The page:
Tag : panties

More Fun Facts About Undies!

  • Your Undies offer a peak into how “High Maintenance” you might be! Apparently, a woman who favours white cotton underwear is easier to get along with than a girl who likes satin and lace smalls. According to a clinical researcher named Dr. Baumgartner, simple undies are worn by women who are comfortable in their own skin, and who don’t need bells, bows and whistles to feel sexy.

 

  • Underwear is a very personal choice – and women tend to have very set preferences. Of more than one hundred thousand women recently surveyed:

 

  • 37% preferred bikini briefs
  • 23% preferred briefs
  • 19% preferred thongs/g-strings
  • 17% preferred boy shorts

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  • According to a study from 2012 in the UK, the average woman owns thirty four pairs of undies; American women own twenty one pairs on average (no Australian data was available). This is easily five times more than owned by the average man.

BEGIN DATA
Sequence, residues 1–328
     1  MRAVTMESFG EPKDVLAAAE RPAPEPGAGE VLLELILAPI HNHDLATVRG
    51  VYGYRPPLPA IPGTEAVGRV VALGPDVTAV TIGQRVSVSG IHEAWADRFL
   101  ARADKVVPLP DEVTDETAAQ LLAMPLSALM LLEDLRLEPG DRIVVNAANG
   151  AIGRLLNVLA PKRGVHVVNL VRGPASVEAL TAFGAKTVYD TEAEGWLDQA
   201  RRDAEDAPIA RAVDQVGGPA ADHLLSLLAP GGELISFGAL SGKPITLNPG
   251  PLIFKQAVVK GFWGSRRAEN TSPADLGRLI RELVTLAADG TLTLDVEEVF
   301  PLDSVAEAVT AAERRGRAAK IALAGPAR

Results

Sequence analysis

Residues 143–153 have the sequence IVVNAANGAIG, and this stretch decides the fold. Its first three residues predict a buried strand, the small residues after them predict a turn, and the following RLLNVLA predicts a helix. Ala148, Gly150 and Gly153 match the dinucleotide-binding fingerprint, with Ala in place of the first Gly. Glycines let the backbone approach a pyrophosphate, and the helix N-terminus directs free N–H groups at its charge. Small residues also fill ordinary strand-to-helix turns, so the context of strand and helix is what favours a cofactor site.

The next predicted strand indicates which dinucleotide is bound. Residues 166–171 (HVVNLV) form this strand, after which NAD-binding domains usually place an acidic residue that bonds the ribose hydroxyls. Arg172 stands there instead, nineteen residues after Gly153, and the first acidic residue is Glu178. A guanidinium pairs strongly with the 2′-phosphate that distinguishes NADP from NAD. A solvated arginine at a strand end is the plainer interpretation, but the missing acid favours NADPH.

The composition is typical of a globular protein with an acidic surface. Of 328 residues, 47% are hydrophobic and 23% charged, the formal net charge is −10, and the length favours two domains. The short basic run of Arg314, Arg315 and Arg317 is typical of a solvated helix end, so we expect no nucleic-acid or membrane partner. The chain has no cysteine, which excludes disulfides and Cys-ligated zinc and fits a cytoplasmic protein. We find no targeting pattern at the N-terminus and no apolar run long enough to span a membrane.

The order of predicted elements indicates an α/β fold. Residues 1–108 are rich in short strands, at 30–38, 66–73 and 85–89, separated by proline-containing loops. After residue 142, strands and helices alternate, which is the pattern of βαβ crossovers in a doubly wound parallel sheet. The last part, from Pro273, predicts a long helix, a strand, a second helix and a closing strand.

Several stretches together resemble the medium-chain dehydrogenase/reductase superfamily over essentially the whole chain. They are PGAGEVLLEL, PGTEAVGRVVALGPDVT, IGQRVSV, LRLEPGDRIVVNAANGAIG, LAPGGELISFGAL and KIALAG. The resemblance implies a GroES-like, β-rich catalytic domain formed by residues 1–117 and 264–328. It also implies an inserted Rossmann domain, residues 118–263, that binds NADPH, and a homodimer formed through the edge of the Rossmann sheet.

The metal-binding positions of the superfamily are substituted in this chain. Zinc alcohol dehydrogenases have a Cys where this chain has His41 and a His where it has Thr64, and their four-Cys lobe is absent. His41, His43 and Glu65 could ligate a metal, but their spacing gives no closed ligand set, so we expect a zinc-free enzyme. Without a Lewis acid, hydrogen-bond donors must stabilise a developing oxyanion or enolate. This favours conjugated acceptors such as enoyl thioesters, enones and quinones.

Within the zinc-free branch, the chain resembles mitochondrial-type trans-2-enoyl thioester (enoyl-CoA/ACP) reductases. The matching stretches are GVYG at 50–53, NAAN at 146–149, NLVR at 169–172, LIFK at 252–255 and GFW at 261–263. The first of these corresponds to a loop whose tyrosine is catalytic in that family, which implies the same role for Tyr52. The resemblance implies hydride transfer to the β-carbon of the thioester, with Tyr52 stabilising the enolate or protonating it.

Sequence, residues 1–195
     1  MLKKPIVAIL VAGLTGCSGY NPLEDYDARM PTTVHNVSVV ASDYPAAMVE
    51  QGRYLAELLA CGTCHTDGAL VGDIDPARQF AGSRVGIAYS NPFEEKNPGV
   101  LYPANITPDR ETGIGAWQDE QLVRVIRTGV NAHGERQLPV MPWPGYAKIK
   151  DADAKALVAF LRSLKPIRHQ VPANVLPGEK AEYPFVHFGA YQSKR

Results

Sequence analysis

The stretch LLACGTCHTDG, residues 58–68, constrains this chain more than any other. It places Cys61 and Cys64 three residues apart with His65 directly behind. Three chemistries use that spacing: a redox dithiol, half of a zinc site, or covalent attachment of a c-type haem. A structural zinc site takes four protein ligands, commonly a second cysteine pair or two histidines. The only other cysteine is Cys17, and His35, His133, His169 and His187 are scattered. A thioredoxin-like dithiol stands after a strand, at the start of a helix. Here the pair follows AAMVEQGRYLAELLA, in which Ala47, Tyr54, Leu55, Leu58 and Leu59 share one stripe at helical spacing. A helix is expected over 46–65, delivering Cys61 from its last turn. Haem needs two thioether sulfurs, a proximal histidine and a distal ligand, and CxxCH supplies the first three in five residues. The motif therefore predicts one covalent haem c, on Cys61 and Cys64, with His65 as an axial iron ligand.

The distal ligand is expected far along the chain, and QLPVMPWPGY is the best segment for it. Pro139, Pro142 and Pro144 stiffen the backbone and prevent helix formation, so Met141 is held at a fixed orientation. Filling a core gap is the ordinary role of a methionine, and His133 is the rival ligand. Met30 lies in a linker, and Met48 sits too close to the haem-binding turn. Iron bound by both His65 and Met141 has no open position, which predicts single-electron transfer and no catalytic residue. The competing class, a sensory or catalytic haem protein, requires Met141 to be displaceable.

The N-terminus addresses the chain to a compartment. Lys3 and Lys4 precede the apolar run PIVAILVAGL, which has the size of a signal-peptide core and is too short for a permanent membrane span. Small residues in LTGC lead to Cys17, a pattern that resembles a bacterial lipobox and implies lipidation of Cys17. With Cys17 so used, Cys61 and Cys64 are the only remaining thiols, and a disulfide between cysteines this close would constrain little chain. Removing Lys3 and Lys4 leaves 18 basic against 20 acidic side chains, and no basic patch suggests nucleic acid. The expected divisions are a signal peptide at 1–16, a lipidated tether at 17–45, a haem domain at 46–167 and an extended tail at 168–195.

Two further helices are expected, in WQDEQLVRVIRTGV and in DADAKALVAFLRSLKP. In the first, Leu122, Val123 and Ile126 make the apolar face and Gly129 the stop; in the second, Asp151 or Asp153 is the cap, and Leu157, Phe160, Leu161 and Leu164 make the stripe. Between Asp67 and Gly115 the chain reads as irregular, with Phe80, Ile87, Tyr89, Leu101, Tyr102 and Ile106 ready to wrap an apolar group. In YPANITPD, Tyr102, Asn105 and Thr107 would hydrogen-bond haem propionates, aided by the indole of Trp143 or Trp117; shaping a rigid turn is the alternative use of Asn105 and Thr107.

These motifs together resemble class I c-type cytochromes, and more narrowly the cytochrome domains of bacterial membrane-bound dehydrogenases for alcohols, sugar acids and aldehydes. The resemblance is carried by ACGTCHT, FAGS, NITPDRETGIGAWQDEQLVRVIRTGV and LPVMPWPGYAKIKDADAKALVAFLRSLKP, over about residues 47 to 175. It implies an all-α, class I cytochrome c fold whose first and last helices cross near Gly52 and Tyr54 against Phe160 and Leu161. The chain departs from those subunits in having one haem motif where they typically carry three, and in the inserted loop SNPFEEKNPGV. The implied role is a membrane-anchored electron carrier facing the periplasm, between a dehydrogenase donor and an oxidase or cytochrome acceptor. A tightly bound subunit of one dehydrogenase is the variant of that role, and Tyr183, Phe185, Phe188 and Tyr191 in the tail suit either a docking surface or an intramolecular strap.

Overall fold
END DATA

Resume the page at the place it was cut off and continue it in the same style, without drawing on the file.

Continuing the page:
• Women typically have a range of underwear: everyday, work, sport, special occasion, and VERY special occasion undies.

 

  • Early American Spacesuits (yes, those worn by astronauts) were actually made by bra manufacturer, Playtex!

 

  • We keep our underwear for a LONG time. 15% of women commonly wear undies they have been wearing for up to ten years.

 

  • It’s not uncommon for women to “go commando” in order to avoid visible panty lines. Rather than opting for a thing, a significant number of ladies choose to just go without altogether.